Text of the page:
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Daily Briefing – 133

New York’s COVID-19 Hospitalizations Drop to Lowest Number Since March 18 

Governor Cuomo announced yesterday that New York State’s COVID-19 hospitalizations dropped to 518—the lowest number since March 18. Yesterday’s infection rate of 0.74 percent marked the 13th straight day with an infection rate below 1 percent. The number of COVID-19 patients in ICUs dropped to 120, matching the state’s previous low since March 16. The governor also updated New Yorkers on the state’s progress during the ongoing COVID-19 pandemic. The number of new cases, percentage of tests that were positive and many other helpful data points are always available at forward.ny.gov.

View hospitalizations page


Executive Order Extends Moratorium on COVID-Related Commercial Evictions Until September 20

The yesterday signed an executive order extending the state’s moratorium on COVID-related commercial evictions and foreclosures an additional month, until September 20th. This measure extends protections already in place for commercial tenants and mortgagors in recognition of the financial toll the pandemic has taken on business owners, including retail establishments and restaurants. The extension of this protection is intended to give commercial tenants and mortgagors additional time to get back on their feet and catch up on rent or renegotiate their leasing terms and avoid eviction proceedings and foreclosures. 

Read the press release


Comptroller DiNapoli: NY’s Economy & Finances in the COVID-19 Era

New York State’s total employment count hit an all-time high of more than 9.8 million in February, reflecting net gains of nearly 2 million jobs since April 1996. The COVID-19 pandemic dealt a body blow to the State’s economy, with combined losses in March and April wiping out 24 years of job growth. The April decline of more than 1.9 million represented the State’s largest monthly loss of jobs on record.

Personal income tax (PIT) collections, by far the State’s largest source of tax revenues, totaled $18.9 billion through July.  As with overall tax receipts, PIT collections through the first four months were not far from DOB’s April projections, approximately $135 million or 0.7 percent above the April figure. July sales and use tax collections of $1.1 billion were 8.5 percent below those of a year earlier, the lowest year-over-year decline in such receipts since noticeable impacts on tax receipts from the pandemic first appeared in March.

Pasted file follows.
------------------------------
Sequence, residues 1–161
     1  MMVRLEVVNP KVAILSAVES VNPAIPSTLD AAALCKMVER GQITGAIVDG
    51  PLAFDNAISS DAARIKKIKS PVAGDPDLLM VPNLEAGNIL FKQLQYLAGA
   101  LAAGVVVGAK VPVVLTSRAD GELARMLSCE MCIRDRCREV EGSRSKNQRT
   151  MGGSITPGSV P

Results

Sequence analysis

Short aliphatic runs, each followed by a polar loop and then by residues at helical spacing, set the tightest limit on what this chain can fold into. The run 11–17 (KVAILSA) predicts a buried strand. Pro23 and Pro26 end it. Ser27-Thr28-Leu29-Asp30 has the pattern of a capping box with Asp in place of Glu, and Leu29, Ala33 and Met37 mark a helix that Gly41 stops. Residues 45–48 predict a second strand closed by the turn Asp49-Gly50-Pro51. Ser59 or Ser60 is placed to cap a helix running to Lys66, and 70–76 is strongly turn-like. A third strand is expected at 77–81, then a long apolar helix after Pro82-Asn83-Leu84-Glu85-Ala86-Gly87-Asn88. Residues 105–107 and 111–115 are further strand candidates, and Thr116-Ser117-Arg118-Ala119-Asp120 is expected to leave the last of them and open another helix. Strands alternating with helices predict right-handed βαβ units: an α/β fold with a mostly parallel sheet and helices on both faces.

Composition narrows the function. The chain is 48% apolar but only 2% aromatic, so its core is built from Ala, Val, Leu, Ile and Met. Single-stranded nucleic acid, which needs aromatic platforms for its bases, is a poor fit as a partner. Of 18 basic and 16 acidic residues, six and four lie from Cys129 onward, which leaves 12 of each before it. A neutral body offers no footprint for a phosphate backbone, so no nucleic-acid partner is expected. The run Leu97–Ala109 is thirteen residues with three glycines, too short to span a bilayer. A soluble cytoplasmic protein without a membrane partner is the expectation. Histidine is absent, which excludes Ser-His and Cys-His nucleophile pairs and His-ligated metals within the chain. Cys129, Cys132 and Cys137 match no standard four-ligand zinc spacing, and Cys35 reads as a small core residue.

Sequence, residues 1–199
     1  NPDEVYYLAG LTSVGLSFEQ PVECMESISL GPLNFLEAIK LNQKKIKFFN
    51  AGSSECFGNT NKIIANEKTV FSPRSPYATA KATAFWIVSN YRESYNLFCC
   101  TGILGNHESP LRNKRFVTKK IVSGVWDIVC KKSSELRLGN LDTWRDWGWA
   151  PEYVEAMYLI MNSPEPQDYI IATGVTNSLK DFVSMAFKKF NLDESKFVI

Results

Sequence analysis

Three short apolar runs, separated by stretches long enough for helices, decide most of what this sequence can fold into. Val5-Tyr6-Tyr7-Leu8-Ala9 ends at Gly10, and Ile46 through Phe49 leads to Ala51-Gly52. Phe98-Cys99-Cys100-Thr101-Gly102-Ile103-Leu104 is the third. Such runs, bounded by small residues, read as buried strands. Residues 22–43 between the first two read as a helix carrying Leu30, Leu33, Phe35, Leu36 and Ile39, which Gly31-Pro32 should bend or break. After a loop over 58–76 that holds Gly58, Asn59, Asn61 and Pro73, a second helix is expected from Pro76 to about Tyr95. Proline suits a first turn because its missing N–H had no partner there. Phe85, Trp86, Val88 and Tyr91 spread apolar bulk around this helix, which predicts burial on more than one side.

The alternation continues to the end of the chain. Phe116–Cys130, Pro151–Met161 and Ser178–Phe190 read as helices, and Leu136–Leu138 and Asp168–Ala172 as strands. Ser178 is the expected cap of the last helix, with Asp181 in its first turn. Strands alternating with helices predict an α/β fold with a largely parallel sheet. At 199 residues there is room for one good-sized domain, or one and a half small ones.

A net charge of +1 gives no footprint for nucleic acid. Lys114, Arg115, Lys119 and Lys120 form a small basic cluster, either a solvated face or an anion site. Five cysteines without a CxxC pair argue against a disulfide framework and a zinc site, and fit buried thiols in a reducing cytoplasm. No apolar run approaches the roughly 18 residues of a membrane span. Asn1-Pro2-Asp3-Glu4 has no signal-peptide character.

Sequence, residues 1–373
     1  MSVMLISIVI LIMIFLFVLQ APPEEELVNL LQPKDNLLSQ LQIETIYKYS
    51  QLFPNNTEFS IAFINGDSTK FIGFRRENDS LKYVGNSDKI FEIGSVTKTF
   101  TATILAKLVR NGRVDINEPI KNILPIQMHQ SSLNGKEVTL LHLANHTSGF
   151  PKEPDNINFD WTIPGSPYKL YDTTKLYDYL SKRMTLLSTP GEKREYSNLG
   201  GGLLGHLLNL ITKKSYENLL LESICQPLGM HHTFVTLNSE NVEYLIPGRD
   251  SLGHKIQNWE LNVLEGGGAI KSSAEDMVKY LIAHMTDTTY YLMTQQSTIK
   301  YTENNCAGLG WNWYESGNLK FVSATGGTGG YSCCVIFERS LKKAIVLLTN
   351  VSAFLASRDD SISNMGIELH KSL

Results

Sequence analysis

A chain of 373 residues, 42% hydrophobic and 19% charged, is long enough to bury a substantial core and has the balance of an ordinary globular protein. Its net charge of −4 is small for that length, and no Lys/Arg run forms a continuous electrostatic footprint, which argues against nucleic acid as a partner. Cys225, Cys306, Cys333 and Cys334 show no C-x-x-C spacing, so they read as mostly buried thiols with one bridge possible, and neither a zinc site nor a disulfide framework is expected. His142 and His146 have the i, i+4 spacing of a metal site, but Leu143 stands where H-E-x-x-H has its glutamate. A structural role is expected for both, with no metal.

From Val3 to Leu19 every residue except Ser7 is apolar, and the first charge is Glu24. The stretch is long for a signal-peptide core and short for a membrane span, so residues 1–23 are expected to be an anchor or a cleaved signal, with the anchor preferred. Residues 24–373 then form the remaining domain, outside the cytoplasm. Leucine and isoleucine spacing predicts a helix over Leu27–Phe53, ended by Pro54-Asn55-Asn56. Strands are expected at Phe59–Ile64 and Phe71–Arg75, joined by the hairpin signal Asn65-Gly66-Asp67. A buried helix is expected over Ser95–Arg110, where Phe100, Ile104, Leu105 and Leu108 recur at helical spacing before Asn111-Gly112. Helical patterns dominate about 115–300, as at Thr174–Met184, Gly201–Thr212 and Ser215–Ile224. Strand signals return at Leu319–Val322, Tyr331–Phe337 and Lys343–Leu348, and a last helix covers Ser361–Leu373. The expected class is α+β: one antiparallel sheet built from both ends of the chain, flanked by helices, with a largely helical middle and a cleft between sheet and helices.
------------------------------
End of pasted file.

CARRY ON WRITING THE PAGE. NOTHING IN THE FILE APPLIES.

Read more at the Controllers website


Private Sector Job Count in the Hudson Valley Fell  13.9 Percent In 12 Months Ending July 31

For the 12-month period ending July 2020, private sector job count in the Hudson Valley fell by 114,500, or 13.9 percent, to 711,800.  Losses were greatest in leisure and hospitality (-45,900), trade, transportation and utilities (-18,200), professional and business services (-15,500), educational and health services (-10,600), other services (-10,300), natural resources, mining and construction (-6,700), manufacturing (-4,700), and financial activities (-2,000).

The July 2020 over-the-year job losses continues to reflect the impact of the Covid-19 pandemic.  At 711,800, private sector job count has reached its lowest July level since 1998.

 

CategoryJul
2020
Jun
2020
Jul
2019
Net
Month
%
Month
Net
Year
%
Year
Total Nonfarm848,600839,000983,3009,6001.1%-134,700-13.7%
         Goods-producing93,00092,000104,4001,0001.1%-11,400-10.9%
                     Manufacturing39,10039,10043,80000.0%-4,700-10.7%

Labor Market Profile – JUL 2020


Senate Republicans Introduce “Skinny” Relief Package, Includes Liability Protections

In response to recent events involving the U.S. Postal Service as well as stalled negotiations between the White House and top Democratic leaders, Senate GOP leaders will introduce a new “skinny” COVID-19 relief package addressing a range of issues in the coming days. The new package will include several top priorities for manufacturers, including the SAFE TO WORK Act, which is an opening bid for a liability protections framework. The bill will also include a weekly federal unemployment benefit at a lower level than Democratic leaders had proposed, and $10 billion in funding for the beleaguered postal service.

Read more at Politico


Laptops, Home Electronics Sales Still Soaring

Manufacturers are racing to keep up with the demand for laptops and other home electronics as the school year gets underway, with many students across the nation attending classes from home. “I’ve been doing this for 25 years, and this level of demand over and over again every single week … is just amazing,” says consumer electronics analyst Stephen Baker, noting that sales are now at levels typically seen only during the holiday season.

Read the full story at The New York Times (subscription)


Reimagining Supply Chain Resilience

New research from the McKinsey Global Institute looks at risk and resilience across 23 industry value chains and dozens of supply-chain executives, and shows a company could lose a year’s profit due to a significant supply-chain disruption. Based on those results and the probability of actual occurrences, companies can expect disruptions to erase an average 44 percent of one year’s profits over the course of a decade. Yet fifty-four percent of executives said they don’t have clear visibility into their supply chains beyond Tier 1. With the COVID-19 pandemic fresh in their minds, an overwhelming 93 percent reported in May that they plan to take steps to make their supply chains more resilient.

Read more in Forbes


 

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